But the main focus of The Conjure Woman is, of course, Uncle Julius' stories, which are bizarre and terrifying and definitely have the atmosphere of another world. In tone they kind of reminded me of Django Unchained: full of danger, mystery, vengeance, love, dark humor, violence, and the sense that this a place where anything can happen. But that doesn't mean people in the stories are powerless. They have the conjure woman!

I listened to the Librivox recording of The Conjure Woman, and the narrator, James K. White, did an absolutely fantastic job. I can't imagine anyone performing this book better. His accents and voices were absolutely perfect.

I'd definitely recommend The Conjure Woman if you're looking for a classic about the lives of slaves in the US that takes an honest look at race relations in both pre- and post-Civil War America, yet isn't a downer. I'm really happy I decided to give this one a try!



Download The Conjure Woman by Charles Waddell Chesnutt at Project Gutenberg|Librivox

Friday, November 20, 2015

The Idiot by Fyodor Dostoevski


Original Publication Date1868-9 

  Genre: Topics: mental illness, good vs. bad, how crappy life can be for decent people, 19th century Russia

  Review by : Anachronist

Returning to Russia from a sanatorium in Switzerland an epileptic young man and also a descendant of one of the oldest Russian lines of nobility, Prince Myshkin, finds himself enmeshed in a tangle of love. He is torn between two women—the notorious kept woman Nastassya whom he pities and the pure Aglaia whose soul he finds beautiful. Add to the mix Rogozhin, a man obsessed with one of them. In the end, Myshkin’s honesty, goodness, and integrity are shown to be unequal to the moral emptiness of those around him. He must fail and return to Switzerland.


My impressions:
Prince Lev Nikolayevich Myshkin, 26, arrives in St. Petersburg, Russia, by train. The nominal purpose for Myshkin’s trip is to make the acquaintance of his very distant relative Lizaveta Prokofyevna Yepanchina, and to make inquiries about a certain matter of business. He is alone but full of hope and the best intentions. He also likes other people, never judging them unfairly, even those who clearly have erred.  Overall he has too much compassion for this cynical age. He believes every person, trusts all, feels the pain of the suffering unfortunates. A result? Most of his compatriots decide very swiftly he has no common sense. Simple? Ill? Just terminally gullible? An Idiot? Or a Saint? That question only you can decide. Still be warned: the drama spans over 660 pages and is hardly easy to follow. Or to solve.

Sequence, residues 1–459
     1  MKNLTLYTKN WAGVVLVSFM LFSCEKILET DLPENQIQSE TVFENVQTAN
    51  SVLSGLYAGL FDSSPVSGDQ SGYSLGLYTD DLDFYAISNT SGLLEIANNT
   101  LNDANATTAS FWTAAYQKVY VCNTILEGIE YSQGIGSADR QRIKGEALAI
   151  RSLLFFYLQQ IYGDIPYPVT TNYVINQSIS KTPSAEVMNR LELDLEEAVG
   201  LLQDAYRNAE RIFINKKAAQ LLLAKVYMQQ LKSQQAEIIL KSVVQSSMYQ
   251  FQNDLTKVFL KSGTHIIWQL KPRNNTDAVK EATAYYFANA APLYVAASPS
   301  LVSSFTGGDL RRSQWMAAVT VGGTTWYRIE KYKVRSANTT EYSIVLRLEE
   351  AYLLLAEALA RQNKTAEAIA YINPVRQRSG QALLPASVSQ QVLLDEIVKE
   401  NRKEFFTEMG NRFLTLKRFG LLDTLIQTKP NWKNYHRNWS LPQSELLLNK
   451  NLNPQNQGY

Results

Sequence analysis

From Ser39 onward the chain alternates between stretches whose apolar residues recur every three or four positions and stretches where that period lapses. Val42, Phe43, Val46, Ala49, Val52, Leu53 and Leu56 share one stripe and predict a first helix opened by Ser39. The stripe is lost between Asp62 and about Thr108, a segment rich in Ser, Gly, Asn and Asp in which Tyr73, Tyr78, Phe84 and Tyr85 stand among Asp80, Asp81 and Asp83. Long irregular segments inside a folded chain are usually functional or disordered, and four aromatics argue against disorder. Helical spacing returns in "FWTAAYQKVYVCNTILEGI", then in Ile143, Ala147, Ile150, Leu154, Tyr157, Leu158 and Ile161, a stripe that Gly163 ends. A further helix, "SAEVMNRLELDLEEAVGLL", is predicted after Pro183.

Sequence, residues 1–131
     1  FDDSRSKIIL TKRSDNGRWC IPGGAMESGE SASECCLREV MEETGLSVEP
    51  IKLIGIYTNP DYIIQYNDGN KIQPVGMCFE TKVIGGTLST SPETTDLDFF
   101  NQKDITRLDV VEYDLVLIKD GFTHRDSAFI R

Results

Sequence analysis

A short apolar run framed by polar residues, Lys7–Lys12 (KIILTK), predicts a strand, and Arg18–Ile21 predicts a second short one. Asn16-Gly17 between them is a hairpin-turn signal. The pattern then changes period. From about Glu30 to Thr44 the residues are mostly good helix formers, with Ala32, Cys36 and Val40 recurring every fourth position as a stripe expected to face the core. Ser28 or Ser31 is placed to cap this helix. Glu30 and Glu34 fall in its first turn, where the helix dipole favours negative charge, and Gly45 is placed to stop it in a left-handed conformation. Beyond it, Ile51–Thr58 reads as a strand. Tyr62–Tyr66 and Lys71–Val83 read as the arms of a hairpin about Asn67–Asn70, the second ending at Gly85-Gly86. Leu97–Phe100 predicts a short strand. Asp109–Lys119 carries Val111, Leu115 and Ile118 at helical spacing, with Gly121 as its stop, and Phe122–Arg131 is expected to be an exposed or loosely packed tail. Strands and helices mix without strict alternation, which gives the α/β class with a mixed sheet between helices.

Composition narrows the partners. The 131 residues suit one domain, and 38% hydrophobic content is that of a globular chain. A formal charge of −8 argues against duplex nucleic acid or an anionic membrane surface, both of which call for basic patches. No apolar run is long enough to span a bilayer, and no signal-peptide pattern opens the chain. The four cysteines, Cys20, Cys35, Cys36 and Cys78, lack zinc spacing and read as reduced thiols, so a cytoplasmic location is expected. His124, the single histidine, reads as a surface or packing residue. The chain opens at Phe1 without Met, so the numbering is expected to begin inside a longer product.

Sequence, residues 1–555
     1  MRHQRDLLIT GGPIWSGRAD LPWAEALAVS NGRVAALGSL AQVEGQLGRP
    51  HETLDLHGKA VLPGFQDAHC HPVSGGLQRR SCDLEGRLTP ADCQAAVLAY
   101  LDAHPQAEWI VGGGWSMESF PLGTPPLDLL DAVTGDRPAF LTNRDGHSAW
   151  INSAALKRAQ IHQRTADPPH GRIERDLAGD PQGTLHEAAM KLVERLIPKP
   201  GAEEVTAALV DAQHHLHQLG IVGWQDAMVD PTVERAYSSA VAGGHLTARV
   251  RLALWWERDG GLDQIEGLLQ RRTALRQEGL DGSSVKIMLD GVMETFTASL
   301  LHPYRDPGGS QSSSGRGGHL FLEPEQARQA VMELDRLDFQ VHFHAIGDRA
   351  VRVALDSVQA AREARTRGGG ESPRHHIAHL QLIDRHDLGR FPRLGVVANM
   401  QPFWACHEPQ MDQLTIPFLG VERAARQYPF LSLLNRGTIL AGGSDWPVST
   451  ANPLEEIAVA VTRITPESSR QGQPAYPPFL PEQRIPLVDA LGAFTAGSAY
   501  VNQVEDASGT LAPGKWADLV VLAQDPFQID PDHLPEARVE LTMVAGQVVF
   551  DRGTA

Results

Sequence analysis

I read this one for the  first time in my teens and it all went right over my stupid, empty head. Well, I understood that Myshkin was simply too good and too honest for the world around him but I could hardly grasp why. Was it only because of his illness, a trait he shared with the author himself ? Was it also because he was practically a stranger in Russia, a country never famous of fair treatment of strangers? Why was it so important at all? Now I see I was too young to understand the complexity the of author’s mind. Dostoyevski created The Idiot to force us to think about our lives and our choices; the answers to all these ‘whys’ might vary from person to person.
The characters, none of them “all bad” or “all good” are very much life-like; in fact there is not one single person in this entire novel that I didn’t feel both sympathy and contempt for at various stages. What’s more the author himself felt obliged to punish practically every major lead in the end and the worst fate was allotted to Aglaia who had to marry a Pole. Why it was such a cruel punishment? Dostoevski hated Poles because he was of Polish descent himself and he loathed that fact, go figure why. Anyway if you encounter a Pole in his novels you might be absolutely sure it will be a villain and a scoundrel.
Apart from that The Idiot is brimming with philosophical inquiry into people’s lives, society, culture, and history. Immutable, transcendent ideas about which Russian writers always grapple. The authors of the foreword/afterword reveal and underscore dozens of themes in the book. They discuss mechanics and perspectives and symbols. They discuss Russian history and the Russian concept of suffering, and how these were adroitly parsed among the characters. And how the characters themselves represented the unique attributes–in splinter form–of the Russian whole.
Final verdict:
Let me quote here, uncharacteristically, the letter of Dostoevsky himself who  outlined his own goal, concerning The Idiot:
“The main idea of the novel is to portray a positively beautiful man. There is nothing more difficult in the world and especially now. All writers, not only ours, but even all European writers, who have merely attempted to portray the positively beautiful, have always given up. Because the task is immeasurable. The beautiful is an ideal, but this ideal, whether ours or that of civilized Europe, is still far from being worked out. There is only one perfectly beautiful person -Christ – so that the appearance of this immeasurably, infinitely beautiful person is, of course, already an infinite miracle”
If you are intrigued by such a premise you won’t be disappointed by the novel itself.

 Download The Idiot by Fyodor Dostoevsky at Project Gutenberg|

Wednesday, September 9, 2015

Northanger Abbey

Original Publication Date: 1817
Genre: Novel
Topics: Gothic Parody, Romance
Review by : Becca Lostinbooks
Download Northanger Abbey by Jane Austen at Project Gutenberg|Librivox|




The Characters